As the gap between skilled jobs and suitable workers grows for the fifth year running, recruiter Hays says robots are the answer to a global problem.
On the back of its Global Skills Index 2016 report, Hays has warned that a 14pc widening of the skills gap in Europe since 2011 has created a “chasm” across industries.
While Brexit, the uncertainty surrounding the US presidential race, and a gradual slowdown in some emerging economies were all supposed to slow down job growth, the opposite has proved true, according to Hays.
Difficult to attract
The report tells us that there has been an increased demand for skilled labour across the globe, and this has led to increased difficulty in employers attracting the workers they want.
Not unique to one – or even few – countries, this global issue is being tackled in various ways around the world. A Japanese initiative to attract female workers and skilled migrants is noted as one of the more successful state-led projects.
“The talent pool is now being supplemented by increased female participation in the workforce,” said Marc Burrage, MD of Hays in Japan. “Wages for temporary workers are rising and skilled migration is being endorsed by the government.”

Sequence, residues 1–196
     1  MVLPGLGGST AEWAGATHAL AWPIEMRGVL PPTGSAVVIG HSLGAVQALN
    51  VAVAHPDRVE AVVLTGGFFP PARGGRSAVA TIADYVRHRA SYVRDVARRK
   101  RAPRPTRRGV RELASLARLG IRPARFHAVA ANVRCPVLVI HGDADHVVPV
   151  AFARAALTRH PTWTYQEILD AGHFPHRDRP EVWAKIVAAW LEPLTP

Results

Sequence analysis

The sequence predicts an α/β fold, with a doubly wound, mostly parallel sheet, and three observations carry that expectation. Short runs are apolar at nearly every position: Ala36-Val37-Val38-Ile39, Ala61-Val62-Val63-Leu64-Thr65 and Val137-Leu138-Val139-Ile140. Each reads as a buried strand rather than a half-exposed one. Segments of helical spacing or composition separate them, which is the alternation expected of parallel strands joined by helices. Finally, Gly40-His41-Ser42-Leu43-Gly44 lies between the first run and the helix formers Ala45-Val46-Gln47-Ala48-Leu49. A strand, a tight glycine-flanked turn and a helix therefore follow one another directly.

Automation and robots could prove a more global solution, according to the new report. Already replacing workers in manual roles such as manufacturing, modern machines can now even drive, diagnose and write documentation.
This, in theory, allows more time for people to upskill and enter into a different rung of the workforce, with Hays calling for further investment in future technologies.
One plus three
However, the numbers don’t really add up, as Hays claims 1m industrial robots already in operation have been “directly responsible” for creating 3m jobs – this, if anything, is creating a chasm all of its own.
Alistair Cox, chief executive of Hays, said a general global economic recovery is putting extreme pressures on employers seeking workers from the labour market.
“Businesses are challenged with both the difficulty of finding the right talent and also keeping hold of it,” he said. “There are no signs that these challenges are abating in any way.
“As evidenced in this year’s report, governments also have a large part to play in ensuring that labour markets run to their full potential.
“We have seen examples of positive change happening across a number of labour markets, proving that by identifying these issues and taking decisive action, the skills gap can be closed.”
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